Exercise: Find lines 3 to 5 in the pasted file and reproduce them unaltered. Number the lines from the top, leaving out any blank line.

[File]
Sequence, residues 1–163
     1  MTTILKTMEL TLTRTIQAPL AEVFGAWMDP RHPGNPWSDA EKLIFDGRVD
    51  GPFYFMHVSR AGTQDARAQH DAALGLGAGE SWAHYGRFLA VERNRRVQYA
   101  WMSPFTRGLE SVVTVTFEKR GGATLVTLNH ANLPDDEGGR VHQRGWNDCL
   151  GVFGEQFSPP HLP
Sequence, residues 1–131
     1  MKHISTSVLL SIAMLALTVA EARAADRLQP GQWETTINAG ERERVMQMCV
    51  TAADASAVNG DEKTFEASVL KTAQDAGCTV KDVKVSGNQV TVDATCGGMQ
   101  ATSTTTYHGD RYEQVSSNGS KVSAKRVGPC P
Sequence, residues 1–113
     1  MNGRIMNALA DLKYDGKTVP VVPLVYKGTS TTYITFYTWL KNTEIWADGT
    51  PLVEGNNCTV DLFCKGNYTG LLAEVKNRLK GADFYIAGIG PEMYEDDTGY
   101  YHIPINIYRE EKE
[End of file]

    51  GPFYFMHVSR AGTQDARAQH DAALGLGAGE SWAHYGRFLA VERNRRVQYA
   101  WMSPFTRGLE SVVTVTFEKR GGATLVTLNH ANLPDDEGGR VHQRGWNDCL
   151  GVFGEQFSPP HLP